"And if you look at the seasonally adjusted Real Estate Institute stratified house price index, house prices for the last four months are up 1 per cent. The four months before that they were up 4 per cent. So we are seeing a reduction in house sales and some moderation in house price inflation."

The bank did some modelling to estimate the counterfactual - what would have been the effect on house price inflation if it had not introduced last October restrictions on lending at loan-to-value ratios (LVRs) above 80 per cent.

"If the banks were [still] lending 25 to 30 per cent of their mortgages to high LVR borrowers instead of the current 6 or 7 per cent, what would house price inflation be doing nationally?

"House price inflation is currently running around 8.4 per cent. We think it would have been 2.5 per cent on top of that, in other words around 11 per cent," Wheeler said.

Liam Dann: How much the rate rises will cost me?
Click here to view a history of the OCR movements since its introduction in 1999.
Read the full Monetary Policy Statement here.


When it introduced the regime the Reserve Bank said it expected the LVR curbs would shave between 1 and 4 percentage points off house price inflation in its first year. It still thinks so.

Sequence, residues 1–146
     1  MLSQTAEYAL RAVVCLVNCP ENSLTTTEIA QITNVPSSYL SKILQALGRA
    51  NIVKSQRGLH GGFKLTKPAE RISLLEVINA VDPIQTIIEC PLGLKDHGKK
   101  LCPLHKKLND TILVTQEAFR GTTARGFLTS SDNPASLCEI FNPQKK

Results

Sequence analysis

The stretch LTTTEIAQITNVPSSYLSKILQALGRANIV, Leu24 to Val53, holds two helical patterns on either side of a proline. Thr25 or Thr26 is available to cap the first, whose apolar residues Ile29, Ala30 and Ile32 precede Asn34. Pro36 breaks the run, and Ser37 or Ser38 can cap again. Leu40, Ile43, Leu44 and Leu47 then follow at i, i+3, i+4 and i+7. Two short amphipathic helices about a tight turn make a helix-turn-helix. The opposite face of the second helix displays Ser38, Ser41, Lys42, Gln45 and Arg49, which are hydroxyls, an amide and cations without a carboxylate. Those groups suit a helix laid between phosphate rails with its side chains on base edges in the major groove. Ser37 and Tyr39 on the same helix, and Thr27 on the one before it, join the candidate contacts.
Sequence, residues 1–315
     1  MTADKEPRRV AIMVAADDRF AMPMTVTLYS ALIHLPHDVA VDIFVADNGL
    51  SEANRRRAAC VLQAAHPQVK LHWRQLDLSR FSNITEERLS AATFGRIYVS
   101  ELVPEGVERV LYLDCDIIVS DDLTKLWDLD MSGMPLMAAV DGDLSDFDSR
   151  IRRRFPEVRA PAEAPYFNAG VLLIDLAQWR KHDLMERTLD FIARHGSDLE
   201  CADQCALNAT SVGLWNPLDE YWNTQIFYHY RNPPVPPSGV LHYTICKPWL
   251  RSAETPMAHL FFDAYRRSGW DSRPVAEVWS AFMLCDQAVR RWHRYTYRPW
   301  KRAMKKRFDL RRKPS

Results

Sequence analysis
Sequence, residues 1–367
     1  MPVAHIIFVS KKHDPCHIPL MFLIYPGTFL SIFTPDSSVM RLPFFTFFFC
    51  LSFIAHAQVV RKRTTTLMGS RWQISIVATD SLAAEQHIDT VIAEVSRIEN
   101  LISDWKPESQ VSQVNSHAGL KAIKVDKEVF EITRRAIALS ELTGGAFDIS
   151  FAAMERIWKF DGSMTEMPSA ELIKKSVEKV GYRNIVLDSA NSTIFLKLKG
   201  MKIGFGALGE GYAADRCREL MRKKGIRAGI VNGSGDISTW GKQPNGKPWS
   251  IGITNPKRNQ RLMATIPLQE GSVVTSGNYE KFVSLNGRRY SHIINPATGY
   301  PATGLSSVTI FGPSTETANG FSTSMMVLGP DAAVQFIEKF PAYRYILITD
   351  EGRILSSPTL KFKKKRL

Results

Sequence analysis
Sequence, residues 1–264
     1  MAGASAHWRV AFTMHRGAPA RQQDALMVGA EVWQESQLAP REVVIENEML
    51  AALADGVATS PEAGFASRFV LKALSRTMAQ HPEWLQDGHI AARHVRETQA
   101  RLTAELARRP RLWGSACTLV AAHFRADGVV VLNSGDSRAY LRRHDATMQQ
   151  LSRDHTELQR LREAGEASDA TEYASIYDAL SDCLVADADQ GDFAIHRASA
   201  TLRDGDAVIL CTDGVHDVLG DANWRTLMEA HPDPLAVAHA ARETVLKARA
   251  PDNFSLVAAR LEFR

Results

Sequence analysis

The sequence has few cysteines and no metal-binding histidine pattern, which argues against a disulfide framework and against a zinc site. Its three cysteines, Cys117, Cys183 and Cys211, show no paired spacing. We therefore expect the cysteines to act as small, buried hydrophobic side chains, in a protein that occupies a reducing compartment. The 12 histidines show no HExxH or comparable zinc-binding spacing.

"However, the recent weakness in housing market data suggests the impact of the LVR policy may be more front-loaded."

It expects the proportion of new lending on high LVRs to rise closer to its 10 per cent limit as banks get more accustomed to the regime, "possibly with a little buffer".

It believes the peak in quarterly house price inflation is behind us.

"Rising interest rates, a projected easing in migration flows and the increase in housing supply should reduce the imbalances in the housing market and moderate price pressures."

But Wheeler told MPs on the finance and expenditure select committee that while building consent issues had risen in Auckland "we need to see a stronger supply response".

- NZ Herald